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Lithuania's new transmission capacity methodology reduces the chances of Russian electricity reaching Baltics. Augstsprieguma tīkls and Elering start public consultation on updated capacity calculation methodology for trade with Russia.

 From Wednesday (15.09.2021), Litgrid applies a new methodology for calculating transmission capacity on the Belarusian-Lithuanian border, which reduces the opportunities for electricity sales from Russia. Exact amount of reduced capacity for trade with Russia cannot be indicated due to unpredictability of value for the total transfer capacity of Lithuanian – Belarus cross-section calculated by Lithuanian transmission system operator.

Augstsprieguma tīkls and Elering has not supported Litgrid Methodology on Cross-Zonal Capacity Calculation and Allocation with Third Countries unilaterally developed by Litgrid and approved by Lithuanian regulatory authority. Litgrid's goal in implementing the new transmission capacity methodology is to reduce the opportunities for electricity imports from third countries and to prevent the physical movement of electricity generated at the Belarusian nuclear power plant to Lithuania.

Due to Litgrid's new methodology, Elering and Augstsprieguma tīkls will have to update the transmission capacity methodology currently agreed between the two companies and currently in practice for the import of electricity from third countries to Latvia. The purpose of the planned change of the Estonian and Latvian system operators is to eliminate the multiple limitation of transmission capacities resulting from the possible impact on Lithuanian electricity infrastructure. A public consultation on the new methodology has been started and Augstsprieguma tīkls and Elering invite market participants to provide their opinion (detailed information on the public consultation is available here).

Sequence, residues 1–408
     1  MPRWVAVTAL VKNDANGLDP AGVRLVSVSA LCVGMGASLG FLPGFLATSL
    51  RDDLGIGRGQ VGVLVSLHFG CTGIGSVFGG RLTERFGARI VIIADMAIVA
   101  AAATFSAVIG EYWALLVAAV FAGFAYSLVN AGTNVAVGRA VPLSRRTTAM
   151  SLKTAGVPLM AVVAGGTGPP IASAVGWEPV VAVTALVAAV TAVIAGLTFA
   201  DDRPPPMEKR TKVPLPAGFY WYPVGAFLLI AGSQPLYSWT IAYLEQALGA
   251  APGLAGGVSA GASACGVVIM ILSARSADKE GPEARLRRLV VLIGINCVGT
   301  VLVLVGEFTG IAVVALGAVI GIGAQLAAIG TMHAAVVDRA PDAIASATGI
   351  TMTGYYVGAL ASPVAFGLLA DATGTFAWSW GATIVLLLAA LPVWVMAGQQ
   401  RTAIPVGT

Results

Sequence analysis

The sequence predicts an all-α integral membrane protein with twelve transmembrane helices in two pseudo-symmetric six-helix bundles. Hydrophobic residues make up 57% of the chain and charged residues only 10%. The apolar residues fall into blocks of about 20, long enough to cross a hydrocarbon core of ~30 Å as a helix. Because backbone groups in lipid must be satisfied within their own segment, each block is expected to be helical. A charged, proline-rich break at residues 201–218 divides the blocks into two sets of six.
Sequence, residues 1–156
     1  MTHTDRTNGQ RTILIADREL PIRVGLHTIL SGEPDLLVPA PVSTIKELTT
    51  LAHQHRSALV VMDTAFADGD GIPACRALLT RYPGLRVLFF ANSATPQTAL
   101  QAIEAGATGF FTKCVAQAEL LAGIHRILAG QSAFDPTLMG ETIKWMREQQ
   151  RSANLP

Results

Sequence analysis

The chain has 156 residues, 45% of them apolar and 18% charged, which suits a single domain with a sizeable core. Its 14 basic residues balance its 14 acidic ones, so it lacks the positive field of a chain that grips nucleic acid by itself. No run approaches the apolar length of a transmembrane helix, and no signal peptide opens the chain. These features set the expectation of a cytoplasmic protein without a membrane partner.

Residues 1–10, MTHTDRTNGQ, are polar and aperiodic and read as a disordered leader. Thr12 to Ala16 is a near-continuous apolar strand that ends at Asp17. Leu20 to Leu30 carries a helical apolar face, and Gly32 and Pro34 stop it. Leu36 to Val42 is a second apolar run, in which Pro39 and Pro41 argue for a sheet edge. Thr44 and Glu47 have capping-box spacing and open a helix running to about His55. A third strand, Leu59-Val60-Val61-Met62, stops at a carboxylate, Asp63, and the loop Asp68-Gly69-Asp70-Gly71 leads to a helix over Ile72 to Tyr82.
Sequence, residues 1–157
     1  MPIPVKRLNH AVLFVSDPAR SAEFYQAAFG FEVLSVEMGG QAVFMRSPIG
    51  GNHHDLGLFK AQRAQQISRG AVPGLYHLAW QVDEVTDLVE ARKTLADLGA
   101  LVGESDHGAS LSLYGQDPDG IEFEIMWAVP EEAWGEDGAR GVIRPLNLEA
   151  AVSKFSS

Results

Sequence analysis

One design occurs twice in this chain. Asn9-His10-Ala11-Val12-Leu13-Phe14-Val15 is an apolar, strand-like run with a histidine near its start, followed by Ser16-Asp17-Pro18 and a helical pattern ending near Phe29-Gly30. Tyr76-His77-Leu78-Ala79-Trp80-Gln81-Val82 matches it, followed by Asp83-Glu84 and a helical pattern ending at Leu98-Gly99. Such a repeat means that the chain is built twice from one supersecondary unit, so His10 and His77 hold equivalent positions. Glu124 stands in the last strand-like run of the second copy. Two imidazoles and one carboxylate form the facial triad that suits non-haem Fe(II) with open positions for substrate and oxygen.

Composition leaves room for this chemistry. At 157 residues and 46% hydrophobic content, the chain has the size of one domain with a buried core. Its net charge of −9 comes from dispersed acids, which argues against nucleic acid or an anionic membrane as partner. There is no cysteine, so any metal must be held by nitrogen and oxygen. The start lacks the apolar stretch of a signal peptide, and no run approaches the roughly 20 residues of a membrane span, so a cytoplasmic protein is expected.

According to the Estonian and Latvian system operators, no additional restrictions on electricity imports from third countries are necessary, as the current transmission capacity solution and legal requirements also prevents nuclear energy produced in Belarus from entering the Baltic electricity market.

Currently, the maximum possible transmission capacity for commercial electricity imports from Russia to Latvia is 970 megawatts. Prior to the beginning of November 2020, when the tripartite agreement on transmission capacity of the Estonian, Latvian and Lithuanian system operators was in force, the maximum possible transmission capacity was 1,250 megawatts. It is expected, that imports of electricity from Russia will end completely with the synchronization of the electricity systems of the Baltic States with the continental European system.

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